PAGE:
Special needs during storms: Prepare and pre-register with B.R.A.C.E.

Special needs during storms: Prepare and pre-register with B.R.A.C.E.

B.R.A.C.E. is an Escambia County-based disaster coalition that was formed from lessons learned after Hurricanes Ivan and Dennis.

One of their many objectives is to get everyone prepared for any kind of natural disaster, especially individuals with special needs.

Some folks think of Ivan as two parts in time - before Ivan and after Ivan.

"First time in a wheelchair, had no idea what we were in for," said Daryl Young.

Young had been wheelchair-bound for three years when Ivan struck. The former deputy contracted a virus that attacked his spinal cord.

"I couldn't get down in the hallway, but my family wouldn't go down there without me," he said.

Young vowed that wouldn't happen again. He began volunteering for B.R.A.C.E.- the "Be Ready Alliance Coordinating for Emergencies."

Mary Lynn Williams also volunteers. Her reason involves a horrific incident that happened to a friend.

Her friend couldn't get help for a woman in a wheelchair during Hurricane Katrina.

"Kept that lady on the phone and she literally drowned while she was on the phone. Every time I think of that story, I think, 'Not on my watch,'" she said.

They want people who have special needs, or can't get out of harm's way to pre-register on the State of Florida Special Needs Registry.

That way shelter space can be prepared, transporation arranged, and emergency workers will know who to check on if registrants shelter in place.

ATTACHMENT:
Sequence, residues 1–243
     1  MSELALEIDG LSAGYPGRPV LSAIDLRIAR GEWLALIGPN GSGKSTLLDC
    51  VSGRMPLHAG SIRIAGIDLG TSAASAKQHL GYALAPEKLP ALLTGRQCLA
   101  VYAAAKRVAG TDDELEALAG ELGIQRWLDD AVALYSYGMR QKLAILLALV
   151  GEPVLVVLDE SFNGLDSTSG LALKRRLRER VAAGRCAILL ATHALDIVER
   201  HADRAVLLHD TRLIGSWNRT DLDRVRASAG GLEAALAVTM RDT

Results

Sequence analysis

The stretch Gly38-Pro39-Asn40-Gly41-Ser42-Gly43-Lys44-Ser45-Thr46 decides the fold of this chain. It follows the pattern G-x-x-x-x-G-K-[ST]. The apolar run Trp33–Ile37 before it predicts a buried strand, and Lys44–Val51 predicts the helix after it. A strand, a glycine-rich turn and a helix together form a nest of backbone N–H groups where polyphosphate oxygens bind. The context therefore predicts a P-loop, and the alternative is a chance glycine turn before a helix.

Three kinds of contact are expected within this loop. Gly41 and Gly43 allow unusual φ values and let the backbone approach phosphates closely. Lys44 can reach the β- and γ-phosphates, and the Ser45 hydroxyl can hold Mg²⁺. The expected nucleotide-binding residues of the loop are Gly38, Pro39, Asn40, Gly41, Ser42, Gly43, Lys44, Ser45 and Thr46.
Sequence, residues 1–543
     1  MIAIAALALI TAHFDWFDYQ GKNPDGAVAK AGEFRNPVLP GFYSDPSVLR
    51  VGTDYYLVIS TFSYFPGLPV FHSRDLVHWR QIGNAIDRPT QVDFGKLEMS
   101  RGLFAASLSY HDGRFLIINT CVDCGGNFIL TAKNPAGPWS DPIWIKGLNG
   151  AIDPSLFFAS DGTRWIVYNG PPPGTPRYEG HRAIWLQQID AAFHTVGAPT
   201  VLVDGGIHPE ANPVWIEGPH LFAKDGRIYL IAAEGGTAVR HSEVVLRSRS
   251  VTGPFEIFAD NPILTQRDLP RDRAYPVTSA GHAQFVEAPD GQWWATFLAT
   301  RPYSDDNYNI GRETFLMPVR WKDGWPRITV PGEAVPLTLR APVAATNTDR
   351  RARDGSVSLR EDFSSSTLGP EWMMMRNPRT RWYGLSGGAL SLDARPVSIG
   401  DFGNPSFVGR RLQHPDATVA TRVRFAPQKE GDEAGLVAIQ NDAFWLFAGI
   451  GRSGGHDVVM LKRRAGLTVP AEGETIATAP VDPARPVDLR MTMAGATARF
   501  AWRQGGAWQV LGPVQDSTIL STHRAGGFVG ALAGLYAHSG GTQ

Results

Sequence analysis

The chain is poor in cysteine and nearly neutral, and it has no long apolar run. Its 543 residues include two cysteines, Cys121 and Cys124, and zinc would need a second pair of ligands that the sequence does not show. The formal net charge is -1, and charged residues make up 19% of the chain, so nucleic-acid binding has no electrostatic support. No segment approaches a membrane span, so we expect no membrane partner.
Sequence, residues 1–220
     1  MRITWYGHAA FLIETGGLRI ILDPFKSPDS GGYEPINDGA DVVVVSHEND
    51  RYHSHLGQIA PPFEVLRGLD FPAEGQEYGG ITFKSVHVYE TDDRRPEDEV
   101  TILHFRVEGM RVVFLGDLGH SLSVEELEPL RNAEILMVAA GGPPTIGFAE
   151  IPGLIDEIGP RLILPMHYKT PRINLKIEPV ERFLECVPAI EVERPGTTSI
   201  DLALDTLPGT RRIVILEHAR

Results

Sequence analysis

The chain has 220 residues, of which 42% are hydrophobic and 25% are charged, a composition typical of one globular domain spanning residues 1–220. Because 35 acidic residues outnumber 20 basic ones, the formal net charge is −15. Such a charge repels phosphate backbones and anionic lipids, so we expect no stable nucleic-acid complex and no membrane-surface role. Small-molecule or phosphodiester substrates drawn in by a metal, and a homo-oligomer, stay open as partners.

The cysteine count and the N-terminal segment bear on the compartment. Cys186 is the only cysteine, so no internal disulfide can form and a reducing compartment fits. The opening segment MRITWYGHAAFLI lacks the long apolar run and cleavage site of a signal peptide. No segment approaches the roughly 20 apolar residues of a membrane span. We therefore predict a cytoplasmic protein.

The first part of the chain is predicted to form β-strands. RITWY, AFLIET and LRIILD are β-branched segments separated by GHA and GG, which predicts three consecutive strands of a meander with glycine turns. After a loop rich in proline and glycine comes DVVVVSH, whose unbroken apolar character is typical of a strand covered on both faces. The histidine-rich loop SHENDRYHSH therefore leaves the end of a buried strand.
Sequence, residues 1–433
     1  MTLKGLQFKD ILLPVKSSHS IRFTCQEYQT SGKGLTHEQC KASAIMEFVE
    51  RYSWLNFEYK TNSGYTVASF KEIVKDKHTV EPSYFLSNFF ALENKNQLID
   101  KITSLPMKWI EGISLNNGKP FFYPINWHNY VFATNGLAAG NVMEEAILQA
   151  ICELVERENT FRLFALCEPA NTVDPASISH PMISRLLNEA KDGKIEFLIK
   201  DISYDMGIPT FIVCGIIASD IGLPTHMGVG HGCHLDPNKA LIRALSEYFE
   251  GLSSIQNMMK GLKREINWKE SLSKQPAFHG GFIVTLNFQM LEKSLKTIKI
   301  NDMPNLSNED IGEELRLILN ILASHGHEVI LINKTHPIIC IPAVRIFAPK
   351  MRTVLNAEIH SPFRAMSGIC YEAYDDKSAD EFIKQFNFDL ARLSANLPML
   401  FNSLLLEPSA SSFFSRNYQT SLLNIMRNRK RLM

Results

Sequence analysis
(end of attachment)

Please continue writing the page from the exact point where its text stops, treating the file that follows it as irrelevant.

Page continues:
Greg Strader heads up B.R.A.C.E.

Hurricanes Opal, Erin, George, Ivan, Dennis, Katrina, Irma and Matthew are just a few disasters Strader has helped respond to and study. He said B.R.A.C.E. works with 500 agency partners and more than 1,000 volunteers.

"They pull together their teams as far away as Canada," he said.

Williams and Young meet with groups year round and help them register. They give seminars on how to prepare for a disaster.

Young focuses on people who rely on medical equipment to survive.

"We couldn't get that perspective any other way," he said.

Young said when Dennis hit a year after Ivan, he was ready. He's spent the last decade helping others do the same.

"Call people, let people know where you're at. If you're in a chair or special needs, just make sure lots of people know where you're at," he said.

Click here to reach the registry.

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